CHRIST IN WINTER: Reflections on Faith from a Place of Winter for the Years of Winter… ©
One of the neat things about Bloomington is that world-renowned musicians of every genre live, and perform, here. There’s John Mellenkamp in rock, and Sylvia McNair in Opera and Broadway [and watch for Katherine Jolly], and Dominic Spera and Pat Harbison in jazz [and, before their deaths, David Baker and Al Cobine], and Carrie Newcomer in folk. There are many others, just as good but not as well known. I guess it all started with Hoagy Carmichael.
Saturday night we went to hear Carrie, something we do every year or so. She always sells out, of course. She has that rich full deep voice that she uses so well, and that Quaker activist manner, sweet and insouciant at the same time. More than most singer-songwriters of her genre, she is a good poet.
She introduced one of her songs by saying: “When my husband and I moved here, it was just for one year. That was thirty years ago. I fell in love…with the hills and the trees, with the geodes you can pick up in the creek beds, with the funny looking court house, with the strings of lights downtown at Christmas, with the wonderful farmer’s market, with the tomatoes and sweet corn, with the friendly faces. None of those ended last November.”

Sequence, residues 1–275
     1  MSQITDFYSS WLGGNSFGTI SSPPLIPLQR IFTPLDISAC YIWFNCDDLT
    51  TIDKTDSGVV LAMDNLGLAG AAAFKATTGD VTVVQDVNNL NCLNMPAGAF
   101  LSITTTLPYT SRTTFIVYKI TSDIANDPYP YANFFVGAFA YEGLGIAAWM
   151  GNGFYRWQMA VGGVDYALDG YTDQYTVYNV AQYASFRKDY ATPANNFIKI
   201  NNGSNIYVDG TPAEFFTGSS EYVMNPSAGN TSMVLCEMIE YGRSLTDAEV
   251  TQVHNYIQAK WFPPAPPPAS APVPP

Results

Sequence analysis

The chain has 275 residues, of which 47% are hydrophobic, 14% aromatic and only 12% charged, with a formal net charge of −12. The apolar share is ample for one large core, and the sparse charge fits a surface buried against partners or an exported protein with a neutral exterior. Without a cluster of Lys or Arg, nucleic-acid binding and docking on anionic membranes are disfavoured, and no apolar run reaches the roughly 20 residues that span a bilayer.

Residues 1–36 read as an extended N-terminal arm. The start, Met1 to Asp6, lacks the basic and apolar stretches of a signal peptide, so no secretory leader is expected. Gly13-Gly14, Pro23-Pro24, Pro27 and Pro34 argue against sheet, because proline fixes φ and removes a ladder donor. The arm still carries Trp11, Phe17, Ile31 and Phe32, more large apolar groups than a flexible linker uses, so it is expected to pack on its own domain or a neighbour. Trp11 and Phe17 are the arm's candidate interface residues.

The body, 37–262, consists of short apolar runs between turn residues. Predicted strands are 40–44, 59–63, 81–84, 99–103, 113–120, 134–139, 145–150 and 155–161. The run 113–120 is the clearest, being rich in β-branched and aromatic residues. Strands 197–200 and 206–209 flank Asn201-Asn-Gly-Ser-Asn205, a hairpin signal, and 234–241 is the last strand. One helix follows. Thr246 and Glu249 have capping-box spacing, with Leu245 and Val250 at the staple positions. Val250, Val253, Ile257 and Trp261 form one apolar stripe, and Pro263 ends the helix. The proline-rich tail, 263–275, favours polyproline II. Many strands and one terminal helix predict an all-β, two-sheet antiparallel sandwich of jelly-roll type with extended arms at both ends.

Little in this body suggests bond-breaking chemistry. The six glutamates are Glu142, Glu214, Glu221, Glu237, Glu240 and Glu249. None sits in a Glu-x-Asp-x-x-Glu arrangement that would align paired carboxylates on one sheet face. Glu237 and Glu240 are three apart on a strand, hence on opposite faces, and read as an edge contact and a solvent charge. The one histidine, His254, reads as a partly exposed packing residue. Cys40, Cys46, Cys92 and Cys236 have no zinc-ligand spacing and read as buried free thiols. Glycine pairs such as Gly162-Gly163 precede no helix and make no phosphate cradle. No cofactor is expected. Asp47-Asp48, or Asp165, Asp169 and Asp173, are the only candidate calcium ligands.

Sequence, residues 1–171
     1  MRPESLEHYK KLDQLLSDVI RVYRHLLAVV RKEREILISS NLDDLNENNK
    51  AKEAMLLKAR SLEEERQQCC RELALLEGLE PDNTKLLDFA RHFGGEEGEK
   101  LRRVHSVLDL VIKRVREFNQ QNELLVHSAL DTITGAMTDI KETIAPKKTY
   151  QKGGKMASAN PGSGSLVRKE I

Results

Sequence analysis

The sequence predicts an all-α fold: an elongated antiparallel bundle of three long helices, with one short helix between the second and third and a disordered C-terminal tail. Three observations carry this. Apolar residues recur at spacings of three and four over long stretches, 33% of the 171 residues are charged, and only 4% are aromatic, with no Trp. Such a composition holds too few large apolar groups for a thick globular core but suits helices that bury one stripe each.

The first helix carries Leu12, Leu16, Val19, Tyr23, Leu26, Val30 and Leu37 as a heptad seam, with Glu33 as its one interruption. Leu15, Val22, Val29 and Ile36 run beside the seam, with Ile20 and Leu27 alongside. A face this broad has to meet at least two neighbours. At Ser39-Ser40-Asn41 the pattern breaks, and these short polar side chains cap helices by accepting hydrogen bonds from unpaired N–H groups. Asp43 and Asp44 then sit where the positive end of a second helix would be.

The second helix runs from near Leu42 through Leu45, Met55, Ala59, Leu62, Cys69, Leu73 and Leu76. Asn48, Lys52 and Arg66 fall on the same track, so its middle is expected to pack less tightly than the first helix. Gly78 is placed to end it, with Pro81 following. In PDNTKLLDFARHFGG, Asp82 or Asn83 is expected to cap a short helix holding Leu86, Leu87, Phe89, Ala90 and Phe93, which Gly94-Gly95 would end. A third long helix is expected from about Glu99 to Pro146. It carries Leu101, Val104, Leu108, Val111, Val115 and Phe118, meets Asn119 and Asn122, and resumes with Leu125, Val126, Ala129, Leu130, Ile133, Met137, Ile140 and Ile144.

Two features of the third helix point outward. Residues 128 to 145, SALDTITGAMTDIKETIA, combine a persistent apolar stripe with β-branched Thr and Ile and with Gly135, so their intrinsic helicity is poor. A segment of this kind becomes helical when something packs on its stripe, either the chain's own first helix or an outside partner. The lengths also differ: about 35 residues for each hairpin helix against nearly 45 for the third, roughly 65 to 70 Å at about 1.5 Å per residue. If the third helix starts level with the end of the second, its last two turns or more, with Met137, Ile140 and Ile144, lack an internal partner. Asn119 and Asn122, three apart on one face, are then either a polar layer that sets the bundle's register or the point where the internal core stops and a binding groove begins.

The “place of winter” mentioned in the title line is Iron Mountain, in Michigan’s Upper Peninsula [The UP], where life is defined by winter even in the summer! [This phrase is explained in the post for March 20, 2014.] Having met and married while at IU in Bloomington, IN, we became Bloomarangs in May of 2015, moving back to where we started, closing the circle. We no longer live in the land of winter, but I am in the winter of my years, and so I am still trying to understand Christ in winter.
I tweet as yooper1721.
Another thing that did not end in November, good writing: Katie Kennedy is the rising star in YA lit. [She is also our daughter.] She is published by Bloomsbury, which also publishes lesser authors, like JK Rowling. Her latest book is, What Goes Up. It’s published in hardback, paperback, audio, and electronic, from B&N, Amazon, etc.